A growing middle class in the developing world, as well as increasing concerns about the healthfulness, environmental footprint and inhumaneness of conventional livestock production have given rise to neo-Malthusian concerns about how to address what seems insatiable demand for protein.
While some have doubled down on calls for reducing meat consumption, so far the most visible response has been a huge wave of innovation in a variety of what are now being called “alternative proteins.” Designed to capture the “flexitarian” market, these include insect-based foods, protein-rich “superfoods,” simulated plant-based meat and dairy substitutes, and cellular/bioengineered meat.
Their rapid development begs two crucial questions, however. How did protein become the macronutrient of concern to begin? Will protein’s new substantiations be any more nutritious and ecological than that which it substitutes? In this talk, Guthman will elaborate on what is being done in the name of protein and provide provisional answers to these questions.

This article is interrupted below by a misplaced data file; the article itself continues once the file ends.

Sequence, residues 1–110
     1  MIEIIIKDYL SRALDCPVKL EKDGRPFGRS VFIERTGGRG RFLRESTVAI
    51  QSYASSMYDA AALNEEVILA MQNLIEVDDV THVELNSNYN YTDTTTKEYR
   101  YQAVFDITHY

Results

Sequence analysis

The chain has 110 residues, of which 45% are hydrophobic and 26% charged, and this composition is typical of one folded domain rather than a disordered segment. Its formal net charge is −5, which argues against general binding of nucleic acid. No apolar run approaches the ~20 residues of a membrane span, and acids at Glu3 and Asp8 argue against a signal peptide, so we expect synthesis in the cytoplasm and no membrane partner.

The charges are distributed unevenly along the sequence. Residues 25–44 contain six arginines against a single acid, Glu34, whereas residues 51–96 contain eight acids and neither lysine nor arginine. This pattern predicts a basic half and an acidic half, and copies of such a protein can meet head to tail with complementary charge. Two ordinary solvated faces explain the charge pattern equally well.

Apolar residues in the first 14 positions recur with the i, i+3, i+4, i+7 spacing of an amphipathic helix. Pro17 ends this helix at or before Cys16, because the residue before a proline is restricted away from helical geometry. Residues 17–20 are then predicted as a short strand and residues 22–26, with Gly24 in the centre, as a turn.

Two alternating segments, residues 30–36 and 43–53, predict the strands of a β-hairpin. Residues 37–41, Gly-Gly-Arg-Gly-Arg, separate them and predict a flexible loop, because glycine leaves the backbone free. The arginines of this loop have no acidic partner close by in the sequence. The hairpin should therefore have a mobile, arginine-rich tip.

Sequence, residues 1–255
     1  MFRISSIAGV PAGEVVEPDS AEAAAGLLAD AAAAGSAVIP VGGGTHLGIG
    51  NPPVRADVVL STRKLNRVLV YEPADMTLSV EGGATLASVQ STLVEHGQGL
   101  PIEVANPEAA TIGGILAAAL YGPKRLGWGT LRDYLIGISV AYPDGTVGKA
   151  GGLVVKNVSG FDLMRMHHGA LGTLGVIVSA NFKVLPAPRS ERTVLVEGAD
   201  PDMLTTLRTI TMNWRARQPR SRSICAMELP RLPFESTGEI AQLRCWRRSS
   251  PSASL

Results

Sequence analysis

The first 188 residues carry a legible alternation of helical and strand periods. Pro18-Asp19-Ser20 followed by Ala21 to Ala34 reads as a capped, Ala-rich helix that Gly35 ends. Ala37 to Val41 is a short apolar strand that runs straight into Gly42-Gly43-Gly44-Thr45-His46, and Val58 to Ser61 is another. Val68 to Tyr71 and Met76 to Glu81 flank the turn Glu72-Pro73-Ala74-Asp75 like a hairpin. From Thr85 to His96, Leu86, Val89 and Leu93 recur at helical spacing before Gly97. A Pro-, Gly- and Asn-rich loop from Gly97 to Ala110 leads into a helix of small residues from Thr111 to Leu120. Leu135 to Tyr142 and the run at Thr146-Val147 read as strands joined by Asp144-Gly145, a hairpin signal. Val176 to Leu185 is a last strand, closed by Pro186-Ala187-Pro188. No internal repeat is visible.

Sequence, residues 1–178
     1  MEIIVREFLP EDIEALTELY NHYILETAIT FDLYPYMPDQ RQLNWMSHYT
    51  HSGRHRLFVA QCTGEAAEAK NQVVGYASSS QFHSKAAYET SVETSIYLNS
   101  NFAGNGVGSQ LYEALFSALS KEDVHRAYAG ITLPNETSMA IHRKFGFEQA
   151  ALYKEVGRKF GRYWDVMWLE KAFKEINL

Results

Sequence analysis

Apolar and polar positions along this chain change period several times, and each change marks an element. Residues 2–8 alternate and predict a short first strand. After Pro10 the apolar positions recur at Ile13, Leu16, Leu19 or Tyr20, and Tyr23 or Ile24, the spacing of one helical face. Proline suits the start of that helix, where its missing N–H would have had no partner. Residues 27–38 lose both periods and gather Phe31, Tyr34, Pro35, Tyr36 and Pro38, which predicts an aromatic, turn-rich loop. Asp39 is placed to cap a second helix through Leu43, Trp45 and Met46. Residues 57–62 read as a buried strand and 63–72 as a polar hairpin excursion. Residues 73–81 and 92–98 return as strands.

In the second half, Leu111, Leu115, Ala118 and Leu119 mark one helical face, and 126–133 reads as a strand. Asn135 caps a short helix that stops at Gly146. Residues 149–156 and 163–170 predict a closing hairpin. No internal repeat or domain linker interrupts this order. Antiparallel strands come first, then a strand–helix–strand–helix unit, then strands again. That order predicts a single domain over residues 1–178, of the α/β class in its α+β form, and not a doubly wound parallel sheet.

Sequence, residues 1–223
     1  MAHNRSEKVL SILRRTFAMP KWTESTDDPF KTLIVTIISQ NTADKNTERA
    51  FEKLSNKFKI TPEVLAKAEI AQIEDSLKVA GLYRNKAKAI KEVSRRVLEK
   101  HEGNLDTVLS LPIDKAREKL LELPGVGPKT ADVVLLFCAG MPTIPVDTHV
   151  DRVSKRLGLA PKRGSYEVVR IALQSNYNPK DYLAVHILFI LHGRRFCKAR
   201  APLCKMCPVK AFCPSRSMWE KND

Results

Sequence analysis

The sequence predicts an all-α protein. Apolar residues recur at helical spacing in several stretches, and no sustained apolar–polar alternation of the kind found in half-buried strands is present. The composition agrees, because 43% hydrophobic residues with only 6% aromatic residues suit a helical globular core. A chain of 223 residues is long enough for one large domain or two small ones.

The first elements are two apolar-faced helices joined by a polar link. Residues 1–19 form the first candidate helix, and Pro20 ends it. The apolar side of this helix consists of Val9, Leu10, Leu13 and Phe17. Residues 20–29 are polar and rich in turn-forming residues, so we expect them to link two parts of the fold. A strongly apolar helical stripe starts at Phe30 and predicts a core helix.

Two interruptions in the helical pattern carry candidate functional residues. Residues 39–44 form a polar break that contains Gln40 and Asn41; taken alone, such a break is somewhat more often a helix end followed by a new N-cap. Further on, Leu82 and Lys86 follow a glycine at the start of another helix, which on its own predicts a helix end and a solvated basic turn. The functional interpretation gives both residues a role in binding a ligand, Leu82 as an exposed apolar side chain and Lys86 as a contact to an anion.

Professor Julie Guthman
Professor of Social Sciences
Julie Guthman is a Professor of Social Sciences at the University of California, Santa Cruz, where she teaches multiple courses on the politics of food and agriculture. She holds a PhD in geography from UC Berkeley.
With a research emphasis on the conditions of possibility for food system transformation in the US, her prior publications include two multi-award winning monographs, an edited collection, and over forty articles in peer-reviewed journals. Her latest book, Wilted: Pathogens, Chemicals, and the Fragile Future of the Strawberry Industry (University of California Press) was just released in summer of 2019. Her research and writing has been supported by the National Science Foundation, the USDA, the John Simon Guggenheim Foundation, the Radcliffe Institute for Advanced Study, and the Rockefeller Foundation Bellagio Center.
In addition, she is a recipient of the Excellence in Research Award from the Agriculture, Food and Human Values Society. She is currently heading up the AFTeR Project, a multi-campus collaboration of the University of California exploring how the emerging Food Tech and Ag Tech sectors are taking shape, what problems they aim to solve, and what kind of food system futures they envision.
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